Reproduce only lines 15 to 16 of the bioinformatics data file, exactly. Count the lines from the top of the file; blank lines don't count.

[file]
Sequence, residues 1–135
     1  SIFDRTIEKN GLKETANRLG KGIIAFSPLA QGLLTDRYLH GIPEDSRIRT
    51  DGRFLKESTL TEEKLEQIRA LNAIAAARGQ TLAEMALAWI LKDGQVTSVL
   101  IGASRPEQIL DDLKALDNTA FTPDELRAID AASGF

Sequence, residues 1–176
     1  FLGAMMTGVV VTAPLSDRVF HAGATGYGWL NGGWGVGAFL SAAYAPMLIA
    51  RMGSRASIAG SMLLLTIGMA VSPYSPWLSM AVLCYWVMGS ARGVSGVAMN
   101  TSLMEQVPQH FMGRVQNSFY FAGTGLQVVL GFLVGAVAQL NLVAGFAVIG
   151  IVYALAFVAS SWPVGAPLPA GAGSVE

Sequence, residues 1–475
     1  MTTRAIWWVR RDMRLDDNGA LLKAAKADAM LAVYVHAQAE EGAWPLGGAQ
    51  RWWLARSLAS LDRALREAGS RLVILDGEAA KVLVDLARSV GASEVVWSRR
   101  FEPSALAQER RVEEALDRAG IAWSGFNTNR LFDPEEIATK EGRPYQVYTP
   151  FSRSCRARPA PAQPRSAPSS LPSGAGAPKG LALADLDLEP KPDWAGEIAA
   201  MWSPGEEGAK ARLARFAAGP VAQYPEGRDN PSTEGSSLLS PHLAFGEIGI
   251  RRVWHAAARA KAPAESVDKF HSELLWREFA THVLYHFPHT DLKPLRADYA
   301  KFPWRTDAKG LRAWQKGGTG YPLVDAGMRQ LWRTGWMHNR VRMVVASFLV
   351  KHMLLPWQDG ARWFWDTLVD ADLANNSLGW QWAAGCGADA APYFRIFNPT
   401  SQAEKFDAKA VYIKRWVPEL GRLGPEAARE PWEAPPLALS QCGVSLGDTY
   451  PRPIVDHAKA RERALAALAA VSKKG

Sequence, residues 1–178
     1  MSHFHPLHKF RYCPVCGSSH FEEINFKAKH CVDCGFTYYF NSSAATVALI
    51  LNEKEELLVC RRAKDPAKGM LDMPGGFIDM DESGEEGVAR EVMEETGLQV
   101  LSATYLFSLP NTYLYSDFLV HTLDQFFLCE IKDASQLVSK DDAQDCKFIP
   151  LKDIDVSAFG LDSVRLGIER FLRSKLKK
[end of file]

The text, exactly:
   201  MWSPGEEGAK ARLARFAAGP VAQYPEGRDN PSTEGSSLLS PHLAFGEIGI
   251  RRVWHAAARA KAPAESVDKF HSELLWREFA THVLYHFPHT DLKPLRADYA